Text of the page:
Friday, January 25, 2008

The Stone Diaries - Carol Shields

The Good: This book follows the life of Daisy Goodwill, from her miraculous birth to her quiet death. The events in between define her life and show her living according to the desires of others.

I was particularly taken with the form. Despite following the traditional linear structure, Shields divides the book into sections of Daisy's life like "Birth" and "Marriage". It was interesting to see her grow from a young child into an old woman, with each section concentrating on the theme of the chapter title and how past events affected her present.

Part of Shield's genius is how she makes you care about Daisy, a seemingly ordinary character with not much of a personality. But things happen to and around Daisy that make you take a second look. The story of an unrealized life is always somewhat heartbreaking and Shields manages to communicate this as a quiet dignified tragedy.

I had two favourite sections, one being "Work" where the story is communicated in letters. It's very difficult to maintain plot and reader interest with a letters in a novel but Shields is a master craftswoman. I also really enjoyed the period where Daisy was in her writing phase for the paper.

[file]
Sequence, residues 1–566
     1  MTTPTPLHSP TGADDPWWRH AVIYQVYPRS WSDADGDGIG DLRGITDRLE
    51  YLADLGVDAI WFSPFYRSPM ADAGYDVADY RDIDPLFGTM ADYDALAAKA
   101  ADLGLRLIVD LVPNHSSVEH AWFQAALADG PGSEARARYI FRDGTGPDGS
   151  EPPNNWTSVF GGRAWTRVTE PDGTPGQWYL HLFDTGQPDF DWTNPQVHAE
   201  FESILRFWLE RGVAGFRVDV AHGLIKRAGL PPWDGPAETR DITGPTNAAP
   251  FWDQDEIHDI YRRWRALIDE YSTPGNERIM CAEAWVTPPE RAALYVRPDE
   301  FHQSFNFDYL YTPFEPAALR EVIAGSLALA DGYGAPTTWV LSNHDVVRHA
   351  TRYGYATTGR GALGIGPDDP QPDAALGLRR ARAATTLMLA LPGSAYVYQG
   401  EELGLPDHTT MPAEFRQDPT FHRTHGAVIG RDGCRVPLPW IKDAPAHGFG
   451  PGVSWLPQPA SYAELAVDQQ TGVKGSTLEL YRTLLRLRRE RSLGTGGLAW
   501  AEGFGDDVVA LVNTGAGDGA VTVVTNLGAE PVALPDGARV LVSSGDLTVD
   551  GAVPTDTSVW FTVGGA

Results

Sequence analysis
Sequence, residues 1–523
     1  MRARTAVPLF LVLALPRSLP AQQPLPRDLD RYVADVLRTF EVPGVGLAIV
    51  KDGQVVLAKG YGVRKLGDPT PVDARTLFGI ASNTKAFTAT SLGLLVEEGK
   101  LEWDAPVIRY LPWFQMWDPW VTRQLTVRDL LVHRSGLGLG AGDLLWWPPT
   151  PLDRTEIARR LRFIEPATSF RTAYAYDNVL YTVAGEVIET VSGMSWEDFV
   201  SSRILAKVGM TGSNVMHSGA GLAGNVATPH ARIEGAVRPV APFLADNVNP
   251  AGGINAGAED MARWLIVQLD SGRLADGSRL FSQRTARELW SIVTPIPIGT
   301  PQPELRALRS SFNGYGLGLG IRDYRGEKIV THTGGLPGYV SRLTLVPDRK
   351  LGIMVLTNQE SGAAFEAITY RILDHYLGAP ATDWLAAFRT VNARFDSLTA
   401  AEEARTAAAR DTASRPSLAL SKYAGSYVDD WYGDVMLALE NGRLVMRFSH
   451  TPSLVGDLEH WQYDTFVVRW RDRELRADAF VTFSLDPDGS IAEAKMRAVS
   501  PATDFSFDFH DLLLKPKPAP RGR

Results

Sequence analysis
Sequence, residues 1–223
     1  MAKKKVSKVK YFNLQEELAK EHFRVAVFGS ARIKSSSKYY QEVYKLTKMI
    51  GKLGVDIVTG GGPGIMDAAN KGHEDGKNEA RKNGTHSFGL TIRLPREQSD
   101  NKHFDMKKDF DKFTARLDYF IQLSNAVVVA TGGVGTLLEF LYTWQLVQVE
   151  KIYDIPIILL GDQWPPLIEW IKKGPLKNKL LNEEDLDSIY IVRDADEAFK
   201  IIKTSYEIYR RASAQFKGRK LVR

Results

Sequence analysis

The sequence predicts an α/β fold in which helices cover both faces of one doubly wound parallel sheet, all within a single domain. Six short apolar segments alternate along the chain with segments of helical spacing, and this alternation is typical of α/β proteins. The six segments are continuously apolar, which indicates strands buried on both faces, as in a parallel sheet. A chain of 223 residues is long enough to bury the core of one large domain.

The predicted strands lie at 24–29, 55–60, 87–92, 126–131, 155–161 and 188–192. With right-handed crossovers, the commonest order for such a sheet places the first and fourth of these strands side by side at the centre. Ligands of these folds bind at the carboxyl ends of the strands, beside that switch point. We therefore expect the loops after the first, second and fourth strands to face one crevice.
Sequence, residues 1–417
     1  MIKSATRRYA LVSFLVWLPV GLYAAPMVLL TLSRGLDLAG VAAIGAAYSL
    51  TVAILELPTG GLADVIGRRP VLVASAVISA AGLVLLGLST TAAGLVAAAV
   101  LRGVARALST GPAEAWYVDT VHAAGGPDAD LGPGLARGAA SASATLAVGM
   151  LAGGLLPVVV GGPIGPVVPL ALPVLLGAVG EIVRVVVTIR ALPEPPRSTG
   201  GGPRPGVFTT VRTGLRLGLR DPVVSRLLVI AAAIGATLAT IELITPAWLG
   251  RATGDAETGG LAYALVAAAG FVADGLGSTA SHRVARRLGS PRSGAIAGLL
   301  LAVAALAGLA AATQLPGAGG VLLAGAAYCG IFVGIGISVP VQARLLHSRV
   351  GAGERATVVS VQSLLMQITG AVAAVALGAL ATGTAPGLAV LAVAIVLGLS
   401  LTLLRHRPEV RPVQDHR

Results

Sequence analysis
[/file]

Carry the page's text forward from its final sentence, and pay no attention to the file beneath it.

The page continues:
Shields also manages to populate the world with a plethora of interesting minor characters. They don't just hold up scenery, they have their own stories to tell. One thing to watch for is the family tree and the photographs. It's interesting how much trouble Shields goes to to convince the reader this is a true story.

The Bad: My main problem was with Daisy as character. Despite the fact she was the main character, we don't see the book entirely from her perspective. The story itself is very ordinary as is Daisy. While Shields makes us care about her, the most interesting things in Daisy's life are what happens to others around her.

This book was typically "Canadian" about 'small lives lived in the small'. I don't always mind this but it can be detrimental to Canadian novels as it reinforces stereotypes about Canada and authors seem to find it difficult to break out of this mold. (I can't tell you how many stories I've read set in Canada that take place in a small town where nothing much every happens). At times I thought Daisy's life was so tedious I would have to walk away for a while before picking up the book again.

The Ugly: Shields plays around with point of view which can be highly confusing if you're not paying attention. While it was nice to jump into other character's heads, I found it distracting and felt it detracted from the plot.

I won't lie to you, this is a difficult book to read because it doesn't contain a driving plot. But it's lyrical and intimate and if you're looking for a challenge then I definitely recommend it.

This book was part of my By the Decades Challenge.

Rating: 4/5

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